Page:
Thus, it becomes a zero-effort problem-solver. "Hey, what's wrong with this thing," you'll ask, and Gemini won't need you to tell it what you're asking about; it'll figure out model numbers, brands and common issues, it'll research them on the Web so you don't have to, it'll attempt to diagnose issues through its vision, and will then put together a troubleshooting list for you.

And it's all heading toward the same place: Google, like OpenAI, wants to create the AI agents that'll eventually ride shotgun with you through your entire life, giving you access to a perfect videographic memory of everything you've ever done, and every conversation you've had, as well as all the vaunted superpowers of generative AI, constantly working to speed you toward your personal goals. A utopia of productivity, a nightmare for privacy – but we'll use it, because it'll be indispensable.

As with OpenAI's GPT-4o release yesterday – which was clearly deliberately timed to poop Google's party – the new Gemini AI is getting a much more human, much more responsive voice agent. It's currently known as Project Astra:

Project Astra: Our vision for the future of AI assistants

You could think of this, perhaps, as Google Search breaking through into the real world; the presenter literally asks Google where she'd left her glasses before switching from phone camera to smart glasses. But it's not Google Search. It's the Gemini AI, with real-time access to Google Search.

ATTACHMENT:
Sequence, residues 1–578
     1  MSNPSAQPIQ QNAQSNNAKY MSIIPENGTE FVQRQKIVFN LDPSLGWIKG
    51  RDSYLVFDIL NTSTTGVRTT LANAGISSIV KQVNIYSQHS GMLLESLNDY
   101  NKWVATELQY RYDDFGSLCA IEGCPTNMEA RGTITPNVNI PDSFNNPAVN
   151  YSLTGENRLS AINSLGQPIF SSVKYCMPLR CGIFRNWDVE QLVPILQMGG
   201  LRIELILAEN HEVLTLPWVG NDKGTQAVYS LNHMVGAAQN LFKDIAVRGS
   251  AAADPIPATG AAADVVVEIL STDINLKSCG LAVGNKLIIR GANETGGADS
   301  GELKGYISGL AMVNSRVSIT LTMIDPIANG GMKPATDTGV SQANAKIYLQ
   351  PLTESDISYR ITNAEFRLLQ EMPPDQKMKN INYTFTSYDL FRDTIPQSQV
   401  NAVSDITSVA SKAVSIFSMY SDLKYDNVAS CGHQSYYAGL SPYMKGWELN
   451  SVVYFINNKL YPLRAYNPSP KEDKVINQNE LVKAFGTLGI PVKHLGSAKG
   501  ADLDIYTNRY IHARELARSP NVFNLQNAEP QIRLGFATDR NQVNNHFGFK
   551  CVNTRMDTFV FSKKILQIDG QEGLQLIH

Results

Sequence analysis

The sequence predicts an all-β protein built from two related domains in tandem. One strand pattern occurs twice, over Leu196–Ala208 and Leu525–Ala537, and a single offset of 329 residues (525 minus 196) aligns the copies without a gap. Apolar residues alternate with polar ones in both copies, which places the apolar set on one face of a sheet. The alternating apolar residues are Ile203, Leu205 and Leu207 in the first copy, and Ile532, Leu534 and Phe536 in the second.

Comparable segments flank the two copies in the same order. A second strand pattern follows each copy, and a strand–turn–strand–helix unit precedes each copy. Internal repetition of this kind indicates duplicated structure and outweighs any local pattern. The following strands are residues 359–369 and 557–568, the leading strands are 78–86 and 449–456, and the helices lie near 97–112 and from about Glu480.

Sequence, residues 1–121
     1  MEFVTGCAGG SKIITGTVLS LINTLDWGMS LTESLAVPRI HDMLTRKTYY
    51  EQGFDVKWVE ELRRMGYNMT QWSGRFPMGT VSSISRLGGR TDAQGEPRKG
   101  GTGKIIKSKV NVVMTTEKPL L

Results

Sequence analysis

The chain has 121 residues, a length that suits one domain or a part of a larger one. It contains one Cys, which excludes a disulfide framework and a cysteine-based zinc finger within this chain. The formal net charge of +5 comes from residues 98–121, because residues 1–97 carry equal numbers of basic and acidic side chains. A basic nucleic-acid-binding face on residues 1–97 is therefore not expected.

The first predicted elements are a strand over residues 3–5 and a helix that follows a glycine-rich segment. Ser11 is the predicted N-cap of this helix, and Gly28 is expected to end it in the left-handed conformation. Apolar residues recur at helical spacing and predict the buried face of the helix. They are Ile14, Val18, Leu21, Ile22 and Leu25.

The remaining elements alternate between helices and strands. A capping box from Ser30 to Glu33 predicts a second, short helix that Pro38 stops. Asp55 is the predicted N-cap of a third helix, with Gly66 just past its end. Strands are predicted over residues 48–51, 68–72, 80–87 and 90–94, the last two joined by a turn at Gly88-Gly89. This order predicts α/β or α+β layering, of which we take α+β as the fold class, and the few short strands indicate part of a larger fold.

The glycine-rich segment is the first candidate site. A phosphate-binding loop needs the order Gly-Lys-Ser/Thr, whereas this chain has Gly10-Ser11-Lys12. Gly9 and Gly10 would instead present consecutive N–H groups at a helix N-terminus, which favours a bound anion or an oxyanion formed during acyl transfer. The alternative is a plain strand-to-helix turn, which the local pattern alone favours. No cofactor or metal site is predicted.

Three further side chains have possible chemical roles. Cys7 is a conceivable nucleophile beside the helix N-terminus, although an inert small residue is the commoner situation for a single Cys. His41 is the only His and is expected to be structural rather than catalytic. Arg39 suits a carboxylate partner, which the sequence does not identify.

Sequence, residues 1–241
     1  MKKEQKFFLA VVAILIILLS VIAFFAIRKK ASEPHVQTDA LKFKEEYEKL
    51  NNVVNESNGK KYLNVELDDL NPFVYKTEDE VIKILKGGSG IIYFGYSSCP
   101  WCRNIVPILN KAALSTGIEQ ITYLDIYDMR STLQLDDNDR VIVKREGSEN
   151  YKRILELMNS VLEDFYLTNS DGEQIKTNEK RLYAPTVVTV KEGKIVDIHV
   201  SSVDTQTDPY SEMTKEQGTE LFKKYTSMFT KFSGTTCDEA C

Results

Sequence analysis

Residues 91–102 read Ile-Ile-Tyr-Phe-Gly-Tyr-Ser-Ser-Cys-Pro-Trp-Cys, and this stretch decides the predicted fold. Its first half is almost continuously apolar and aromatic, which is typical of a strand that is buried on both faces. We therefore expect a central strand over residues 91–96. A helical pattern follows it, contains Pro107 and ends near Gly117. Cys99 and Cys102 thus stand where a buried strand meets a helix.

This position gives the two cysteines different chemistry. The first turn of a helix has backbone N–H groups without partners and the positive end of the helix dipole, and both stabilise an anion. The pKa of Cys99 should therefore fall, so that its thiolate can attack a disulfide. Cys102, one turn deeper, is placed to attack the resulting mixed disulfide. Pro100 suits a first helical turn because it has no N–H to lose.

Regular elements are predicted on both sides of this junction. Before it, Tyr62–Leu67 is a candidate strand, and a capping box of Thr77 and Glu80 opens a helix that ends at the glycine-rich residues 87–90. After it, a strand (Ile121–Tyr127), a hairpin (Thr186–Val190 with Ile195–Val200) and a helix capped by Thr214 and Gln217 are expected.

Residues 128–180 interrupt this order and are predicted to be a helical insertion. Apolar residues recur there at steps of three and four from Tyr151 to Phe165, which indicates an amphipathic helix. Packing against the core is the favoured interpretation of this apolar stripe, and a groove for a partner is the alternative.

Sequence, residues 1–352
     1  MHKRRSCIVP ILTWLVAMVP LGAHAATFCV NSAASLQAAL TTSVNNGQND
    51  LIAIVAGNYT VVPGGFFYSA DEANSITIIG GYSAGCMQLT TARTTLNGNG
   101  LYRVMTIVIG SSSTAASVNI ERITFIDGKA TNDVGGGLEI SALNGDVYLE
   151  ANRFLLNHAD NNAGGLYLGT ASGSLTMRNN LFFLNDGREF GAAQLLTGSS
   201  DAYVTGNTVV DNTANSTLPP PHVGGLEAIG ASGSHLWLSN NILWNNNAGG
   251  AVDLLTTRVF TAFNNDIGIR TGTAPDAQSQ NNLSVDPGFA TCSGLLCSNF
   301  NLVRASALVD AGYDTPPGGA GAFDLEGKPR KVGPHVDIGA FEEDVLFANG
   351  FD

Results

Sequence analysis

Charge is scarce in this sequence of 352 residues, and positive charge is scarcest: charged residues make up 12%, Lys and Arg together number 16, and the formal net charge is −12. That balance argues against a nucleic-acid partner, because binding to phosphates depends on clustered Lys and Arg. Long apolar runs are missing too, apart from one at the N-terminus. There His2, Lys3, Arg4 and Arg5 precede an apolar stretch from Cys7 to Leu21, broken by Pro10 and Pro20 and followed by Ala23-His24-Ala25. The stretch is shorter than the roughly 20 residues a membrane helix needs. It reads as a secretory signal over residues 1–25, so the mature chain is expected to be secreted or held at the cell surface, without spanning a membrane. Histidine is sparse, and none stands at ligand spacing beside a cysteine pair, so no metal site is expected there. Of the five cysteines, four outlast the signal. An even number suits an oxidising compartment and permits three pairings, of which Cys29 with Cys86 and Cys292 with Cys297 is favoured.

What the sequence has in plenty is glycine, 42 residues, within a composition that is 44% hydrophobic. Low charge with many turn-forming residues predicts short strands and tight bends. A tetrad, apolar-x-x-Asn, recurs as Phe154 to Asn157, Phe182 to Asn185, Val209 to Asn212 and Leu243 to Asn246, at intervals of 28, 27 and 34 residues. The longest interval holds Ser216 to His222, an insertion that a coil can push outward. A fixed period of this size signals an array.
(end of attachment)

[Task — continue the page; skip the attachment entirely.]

Google has shot itself repeatedly in the foot in the rollout of its AI offerings, and OpenAI has appeared to have the better of Google nearly every time the two have gone head to head. There's no doubt, GPT-4o's assistant is quicker, more expressive, flirtier, and gives me much more of a 'we're living in the future' feeling than today's Google demo.

But I'm wondering how much that's going to matter. Along with its Search updates, Google also released a flurry of other AI products at I/O, including Veo, a generative video system that looks like it's not far behind OpenAI's Sora:

Filmmaking with Donald Glover and his creative studio, Gilga | Veo

It may turn out that it doesn't matter who gets there first with these next-gen multimodal AIs, because it seems like any given AI company might be able to achieve what OpenAI does, given sufficient energy, compute, and data. What might matter more is market share. Google has a colossal user base ready to go, through its web search dominance and Android mobile operating system – which is used on a daily basis by about 3.5 billion people.

So it's understandable that Google might shake its own very foundations by substantially changing its flagship Search product; AIs, not hand-coded search algorithms, will be the gatekeepers of knowledge in the next phase of the Information Age.

Apparently, Bing's doing it too.

Check out the Google I/O keynote address in all its glory below.

Google Keynote (Google I/O ‘24)

Source: Google

This may be inevitable, but it is not good news.
Google is to all intents a monopoly in this sphere, and already has way too much influence on what a search can find or not. How can any user know whether their algorithms are biased in one way or another?
Just look at their subsidiary YouTube…I’ve been censored there many times in the comments section just for recommending a video that is already on there!
It’s a form of shadow banning, allowing them to claim no censorship, but quietly preventing it from reaching a wider audience.
Unlike previous business monopolies of the past which were physical and glaringly obvious, it is extraordinarily difficult to know or pinpoint what the giant software companies are up to.
Tommie Jones